5) Bear Stearns. Why did the Federal Reserve bail them out again, and enable JP Morgan to buy them up?
6) No child left behind, our crappy public schools, ever encroaching federal government.

7) RealID act. Identity papers, please!

8) Federal government raid on "Liberty Dollars" which were currency notes actually backed by something real -- specifically silver, copper, gold. The federal government was protecting us from...what? A solid currency?
9) Social Security, Medicaire -- both bankrupt, and getting deeper into debt.

On and on and on.

But it's ok, the USA is a great country. By definition.

-Dave
I
1)#I don't know about LIGO in particular, but experiments like this frequently produce surprises, especailly when you are trying to break new ground find something that is very difficult to find, like gravity waves. From what LIGO's website said they were using interferometers to measure less than the diameter of a proton which means extreme measures to kill vibration, as I know from experience, having contracted for an interferometer company.#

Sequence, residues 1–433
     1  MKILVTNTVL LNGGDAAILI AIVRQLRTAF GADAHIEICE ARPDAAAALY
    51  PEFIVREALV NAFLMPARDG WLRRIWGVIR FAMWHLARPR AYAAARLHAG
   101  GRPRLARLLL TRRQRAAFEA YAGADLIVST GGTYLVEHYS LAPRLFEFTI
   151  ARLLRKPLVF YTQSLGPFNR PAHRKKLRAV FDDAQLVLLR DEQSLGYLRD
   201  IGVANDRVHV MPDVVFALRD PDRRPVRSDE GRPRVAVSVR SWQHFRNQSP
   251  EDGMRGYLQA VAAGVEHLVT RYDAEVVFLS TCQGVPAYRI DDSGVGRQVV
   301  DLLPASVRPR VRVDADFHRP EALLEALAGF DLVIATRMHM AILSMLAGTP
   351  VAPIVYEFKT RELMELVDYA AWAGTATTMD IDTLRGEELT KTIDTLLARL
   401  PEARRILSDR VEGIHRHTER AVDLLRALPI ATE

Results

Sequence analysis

2)#Much of the cost in the Hubble is the main mirror and the effort it takes to polish a large mirror to the perfection needed. Unfortunately for Perkin Elmer and NASA the mirror was polished incredibly accurately with very close measurements, on earth. When the Hubble was sent to orbit, well the mirror flexed just slightly because there was no longer a gravitational force on the mirror. Fortunately spherical aberations can be corrected with optics downstream and the telescope worked just fine for other things until the new cameras and optics could be installed. Long term that mistake has actually been beneficial because it introduced the habit of constantly upgrading and extending the Hubble's life with new cameras and battery packs.#